Social media marketing isn’t having the desired effect on a large proportion of users, according to a new report by UK business intelligence firm, YouGov SixthSense. Over a third (35%) of respondents revealed they hide company announcements if they update too often.
Close to half (45%) of social media users have liked or joined the page of a brand, but only 22% have followed a brand on Twitter. Indeed, these followers/fans are most likely to be current customers (33%) whose primary motivation is a desire to get something in return (34%).
Nearly half (47%) of all social media users would be motivated to like or follow a brand if they received special offers. However, 40% would cease if the brand said something they disagreed with, which gives an idea of the marketing tightrope that needs to be carefully walked.
Social and Traditional Media are Worlds Apart
Advertisers may have endured success across traditional media, but it doesn’t mean they’ll be able to apply the same practices and theories to social media, advises YouGov SixthSense research director James McCoy.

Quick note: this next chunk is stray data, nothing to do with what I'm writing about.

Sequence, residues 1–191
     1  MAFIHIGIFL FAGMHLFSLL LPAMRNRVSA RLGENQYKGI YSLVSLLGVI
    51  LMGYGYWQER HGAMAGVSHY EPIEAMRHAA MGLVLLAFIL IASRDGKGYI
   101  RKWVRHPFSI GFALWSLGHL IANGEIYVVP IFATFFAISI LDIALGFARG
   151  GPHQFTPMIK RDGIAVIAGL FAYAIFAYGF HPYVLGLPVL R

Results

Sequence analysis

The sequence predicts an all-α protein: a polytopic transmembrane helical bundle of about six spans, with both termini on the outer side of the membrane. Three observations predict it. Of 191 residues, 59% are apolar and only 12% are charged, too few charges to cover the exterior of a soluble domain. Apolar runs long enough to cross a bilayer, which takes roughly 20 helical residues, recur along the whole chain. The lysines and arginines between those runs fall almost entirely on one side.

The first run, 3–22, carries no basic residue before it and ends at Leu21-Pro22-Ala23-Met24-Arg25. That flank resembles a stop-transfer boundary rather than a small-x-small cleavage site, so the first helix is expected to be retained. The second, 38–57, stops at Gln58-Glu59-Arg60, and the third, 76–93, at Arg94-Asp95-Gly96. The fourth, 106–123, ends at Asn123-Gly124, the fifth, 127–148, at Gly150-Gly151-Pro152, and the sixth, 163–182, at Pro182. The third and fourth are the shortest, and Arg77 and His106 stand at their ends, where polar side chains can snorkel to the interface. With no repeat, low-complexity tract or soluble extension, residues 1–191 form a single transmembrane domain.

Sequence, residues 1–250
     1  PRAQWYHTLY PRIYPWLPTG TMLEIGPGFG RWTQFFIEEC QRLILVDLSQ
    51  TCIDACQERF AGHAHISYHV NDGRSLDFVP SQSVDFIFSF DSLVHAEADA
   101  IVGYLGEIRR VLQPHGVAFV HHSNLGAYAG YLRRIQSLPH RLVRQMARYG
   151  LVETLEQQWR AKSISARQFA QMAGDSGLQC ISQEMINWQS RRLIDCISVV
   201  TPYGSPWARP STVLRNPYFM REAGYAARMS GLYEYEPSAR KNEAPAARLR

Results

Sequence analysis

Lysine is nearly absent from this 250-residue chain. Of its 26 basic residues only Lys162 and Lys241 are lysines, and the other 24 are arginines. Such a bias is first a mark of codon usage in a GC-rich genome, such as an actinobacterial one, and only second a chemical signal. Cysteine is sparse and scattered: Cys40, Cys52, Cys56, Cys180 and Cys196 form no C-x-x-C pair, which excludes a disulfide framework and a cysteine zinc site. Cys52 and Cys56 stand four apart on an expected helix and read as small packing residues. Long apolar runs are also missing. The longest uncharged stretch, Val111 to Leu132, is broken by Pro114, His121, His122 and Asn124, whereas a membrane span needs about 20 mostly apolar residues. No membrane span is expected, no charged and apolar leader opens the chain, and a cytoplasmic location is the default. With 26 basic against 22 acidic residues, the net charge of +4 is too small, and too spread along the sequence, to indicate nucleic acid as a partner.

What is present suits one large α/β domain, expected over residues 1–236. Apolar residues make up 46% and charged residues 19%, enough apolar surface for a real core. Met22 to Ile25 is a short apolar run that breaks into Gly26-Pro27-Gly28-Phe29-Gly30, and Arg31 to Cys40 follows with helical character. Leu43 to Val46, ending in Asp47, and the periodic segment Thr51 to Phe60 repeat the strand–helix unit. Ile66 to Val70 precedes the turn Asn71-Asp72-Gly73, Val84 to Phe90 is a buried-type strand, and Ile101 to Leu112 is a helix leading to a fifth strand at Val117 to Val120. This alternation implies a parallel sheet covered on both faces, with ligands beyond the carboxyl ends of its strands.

“Reaching potential customers through social media is rather different from doing so through traditional media channels,” McCoy said. “The proportion of Facebook users who are tuning out of brands’ marketing efforts clearly indicates that a savvier approach is needed.”
The figures will be of little worry to social networks. Twitter gives advertisers ways to target users who aren’t following them through surveys, its new lead generation cards and an ads API. Whilst Facebook also has an array of options for marketers.
What may cause uneasiness at Zuckerberg’s headquarters is the fact that Facebook usage is down by nine percentt from this time last year, among the internet-connected UK consumers polled in this research.
Of particular concern to social networks will be the number of consumers becoming disillusioned with the sites. There’s been an 18% rise since April 2012 in those who have stopped using them after becoming irritated by social media marketing campaigns.
SixthSense’s research might be teetering on the morose, but McCoy wanted to point out there were findings that painted a brighter picture of social media marketing activities in the UK.
“While there are significant challenges, this report identifies potential opportunities for ‘marketeers’ to build on, such as the relatively high proportion of young men who respond positively to targeted ads on social media.”
McCoy was referring to how one demographic was notably more receptive to ads. Of the respondents, 21% agreed/strongly agreed with the statement that young men aged 25-39 are significantly more likely than average to state that targeted advertising is relevant to them.